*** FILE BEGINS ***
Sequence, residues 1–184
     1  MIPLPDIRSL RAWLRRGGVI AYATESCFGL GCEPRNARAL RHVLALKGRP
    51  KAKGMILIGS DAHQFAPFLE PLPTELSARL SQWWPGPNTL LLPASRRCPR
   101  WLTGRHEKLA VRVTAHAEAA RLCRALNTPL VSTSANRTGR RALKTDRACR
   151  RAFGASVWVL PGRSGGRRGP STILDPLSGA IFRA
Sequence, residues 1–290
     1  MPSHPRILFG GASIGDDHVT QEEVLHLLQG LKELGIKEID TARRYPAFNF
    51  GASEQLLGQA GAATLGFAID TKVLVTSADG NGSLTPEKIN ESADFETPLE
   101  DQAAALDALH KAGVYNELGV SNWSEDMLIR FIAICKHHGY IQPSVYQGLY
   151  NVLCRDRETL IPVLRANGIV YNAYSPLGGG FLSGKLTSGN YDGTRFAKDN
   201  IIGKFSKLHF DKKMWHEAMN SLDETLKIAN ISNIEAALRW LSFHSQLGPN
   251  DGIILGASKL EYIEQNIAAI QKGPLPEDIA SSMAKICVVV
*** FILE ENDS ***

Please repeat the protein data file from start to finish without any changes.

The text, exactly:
Sequence, residues 1–184
     1  MIPLPDIRSL RAWLRRGGVI AYATESCFGL GCEPRNARAL RHVLALKGRP
    51  KAKGMILIGS DAHQFAPFLE PLPTELSARL SQWWPGPNTL LLPASRRCPR
   101  WLTGRHEKLA VRVTAHAEAA RLCRALNTPL VSTSANRTGR RALKTDRACR
   151  RAFGASVWVL PGRSGGRRGP STILDPLSGA IFRA
Sequence, residues 1–290
     1  MPSHPRILFG GASIGDDHVT QEEVLHLLQG LKELGIKEID TARRYPAFNF
    51  GASEQLLGQA GAATLGFAID TKVLVTSADG NGSLTPEKIN ESADFETPLE
   101  DQAAALDALH KAGVYNELGV SNWSEDMLIR FIAICKHHGY IQPSVYQGLY
   151  NVLCRDRETL IPVLRANGIV YNAYSPLGGG FLSGKLTSGN YDGTRFAKDN
   201  IIGKFSKLHF DKKMWHEAMN SLDETLKIAN ISNIEAALRW LSFHSQLGPN
   251  DGIILGASKL EYIEQNIAAI QKGPLPEDIA SSMAKICVVV